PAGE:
Ultimately, I found The End to be a bit of an enigma.  Scibona's writing sparkled, his characters troubled, his story mystified, and he unapologetically tested me as a reader, just like the modernist authors he appeared to be channeling.  And as is the case with the work of Eliot and Faulkner, I must be honest and admit that I appreciate what he created more than I enjoyed it.

Salvatore Scibona
2008, 294 pages

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Monday, February 16, 2009
random posts of pretty
I think I've mentioned this before, but I have a real soft spot for artists who transform conventionally ugly subjects into something beautiful.  These factory shots, borrowed from beef.200%'s flickr photostream, definitely fit the criteria.  Don't they look amazing? Like glittery space age castles?

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Friday, February 13, 2009
an open letter K---, from my 3rd hour class,
No, I will not be your valentine.

I’ve told you this once already and in person; however, since you are so persistent – asking me several times throughout this past week – allow me to formally lay out my reasoning: 1) It is illegal, as you are only seventeen and I am…not. 2) Even if it weren’t illegal, it’s unprofessional. 3) I’m married. 4) It’s icky. 5) You are not particularly strong in English, which has always sort of been requisite to earn my affection.

This is not, of course, to say that I do not appreciate your effort. Placing a box of conversation hearts on my desk was a sweet, old school touch. And the hand-made card was nice, although I would have really preferred you’d been listening to the lecture I was giving rather than spending the hour drawing me a picture of a chubby dragon cuddling a heart. But here’s the deal, K--- - it’s not like you’re the first kid to ever ask me, and if I didn’t acquiesce to that one kid who serenaded me on his guitar to John Mayer’s “Your Body in a Wonderland” five years ago, then I’m certainly not going to give in to you.

So - once again - no, I will not be your valentine. I will, however, be eating your conversation hearts.

Mrs. White


Thursday, February 12, 2009
favorite songs of '09: ben kweller's "fight"
I've always been more aware of Ben Kweller than I've ever been much of a fan; however, his newest album, Changing Horses, has changed all that around. He hails from Texas, so I suppose it's not too much of a surprise that he'd eventually try his hand at making a country album. The surprising thing is that I LOVE it.  ...Me. The girl who hates most anything even remotely twangy. Who ever would have thunk it?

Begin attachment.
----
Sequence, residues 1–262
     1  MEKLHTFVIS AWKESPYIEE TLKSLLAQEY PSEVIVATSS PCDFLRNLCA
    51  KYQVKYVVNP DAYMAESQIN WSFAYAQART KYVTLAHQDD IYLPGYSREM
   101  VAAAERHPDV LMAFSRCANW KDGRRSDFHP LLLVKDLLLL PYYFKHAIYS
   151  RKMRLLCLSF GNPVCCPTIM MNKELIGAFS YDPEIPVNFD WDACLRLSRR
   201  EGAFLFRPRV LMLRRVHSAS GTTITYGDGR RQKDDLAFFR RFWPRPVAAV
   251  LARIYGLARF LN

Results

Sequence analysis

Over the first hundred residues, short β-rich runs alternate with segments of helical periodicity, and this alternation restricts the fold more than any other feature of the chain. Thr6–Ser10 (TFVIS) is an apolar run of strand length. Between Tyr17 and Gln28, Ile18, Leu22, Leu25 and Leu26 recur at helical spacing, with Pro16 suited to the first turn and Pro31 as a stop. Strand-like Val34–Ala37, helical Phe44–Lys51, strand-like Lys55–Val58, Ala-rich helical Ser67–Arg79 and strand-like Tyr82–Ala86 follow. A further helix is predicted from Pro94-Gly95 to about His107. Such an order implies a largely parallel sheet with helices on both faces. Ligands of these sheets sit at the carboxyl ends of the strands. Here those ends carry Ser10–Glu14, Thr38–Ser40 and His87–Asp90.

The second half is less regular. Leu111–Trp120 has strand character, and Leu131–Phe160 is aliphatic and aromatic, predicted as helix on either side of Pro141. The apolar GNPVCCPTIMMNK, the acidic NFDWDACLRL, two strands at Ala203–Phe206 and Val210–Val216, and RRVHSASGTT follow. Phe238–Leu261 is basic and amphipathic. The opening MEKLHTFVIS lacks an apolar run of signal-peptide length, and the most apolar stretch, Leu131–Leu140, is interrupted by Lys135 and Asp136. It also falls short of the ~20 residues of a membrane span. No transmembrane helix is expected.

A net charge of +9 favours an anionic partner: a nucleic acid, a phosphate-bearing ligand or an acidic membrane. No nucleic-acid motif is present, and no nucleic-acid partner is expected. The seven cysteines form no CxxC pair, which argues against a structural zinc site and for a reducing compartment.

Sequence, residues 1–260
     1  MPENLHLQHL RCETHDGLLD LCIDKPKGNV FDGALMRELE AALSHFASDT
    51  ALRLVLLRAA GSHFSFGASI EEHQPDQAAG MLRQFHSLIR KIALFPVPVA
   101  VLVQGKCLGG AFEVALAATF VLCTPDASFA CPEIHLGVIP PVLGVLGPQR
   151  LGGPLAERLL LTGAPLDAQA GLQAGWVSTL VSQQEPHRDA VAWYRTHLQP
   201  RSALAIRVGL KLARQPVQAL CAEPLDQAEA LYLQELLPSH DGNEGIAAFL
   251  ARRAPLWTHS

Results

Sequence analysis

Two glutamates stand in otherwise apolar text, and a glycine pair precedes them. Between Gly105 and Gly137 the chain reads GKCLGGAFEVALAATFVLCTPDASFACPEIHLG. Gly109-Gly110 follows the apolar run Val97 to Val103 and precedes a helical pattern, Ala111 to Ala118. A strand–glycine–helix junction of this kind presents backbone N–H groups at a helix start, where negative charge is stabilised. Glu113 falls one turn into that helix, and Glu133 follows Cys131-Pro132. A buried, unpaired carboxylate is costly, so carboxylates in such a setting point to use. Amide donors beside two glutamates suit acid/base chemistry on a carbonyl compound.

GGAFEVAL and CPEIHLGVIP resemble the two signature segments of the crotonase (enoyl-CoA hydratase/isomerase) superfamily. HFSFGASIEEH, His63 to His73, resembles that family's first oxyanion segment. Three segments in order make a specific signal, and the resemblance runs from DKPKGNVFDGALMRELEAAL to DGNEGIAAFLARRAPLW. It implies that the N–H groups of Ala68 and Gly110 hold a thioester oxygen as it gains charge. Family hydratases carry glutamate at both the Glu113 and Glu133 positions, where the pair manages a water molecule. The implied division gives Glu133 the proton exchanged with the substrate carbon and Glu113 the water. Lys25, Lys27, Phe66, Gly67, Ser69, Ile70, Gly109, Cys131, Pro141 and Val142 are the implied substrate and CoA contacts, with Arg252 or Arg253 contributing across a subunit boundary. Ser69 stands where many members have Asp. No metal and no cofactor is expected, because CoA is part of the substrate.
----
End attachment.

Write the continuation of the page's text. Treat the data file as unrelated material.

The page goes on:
Anyway, Gram Parsons would be proud is my larger point.

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Wednesday, February 11, 2009
random posts of pretty
If I lived closer to Chicago, then you can bet I'd be taking a trip to see Colleen Plumb's show, Animals Are Outside Today, at the City Gallery of Photography.

From the statement posted on her site regarding the series: 
This series of photographs examines the essence of our connection, as well as our fragmentation from the natural. I am interested in the ever increasing disconnection that exists between humans and the natural world. The work explores simulation, consumption, destruction, and reconstruction as well as notions of endurance and the reality of loss.
From what little I've seen, it looks much more intriguing, challenging and thoughtful than any wacko stunt PETA has ever dreamed up...

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kittens inspired by kittens
I just saw this on Boing Boing, and since it very well may be the BEST VIRAL VIDEO EVER, I thought I'd share.  

I laughed so hard I upset my dog.  I think she thought I was sobbing.

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Tuesday, February 10, 2009
book review: paper towns, by john green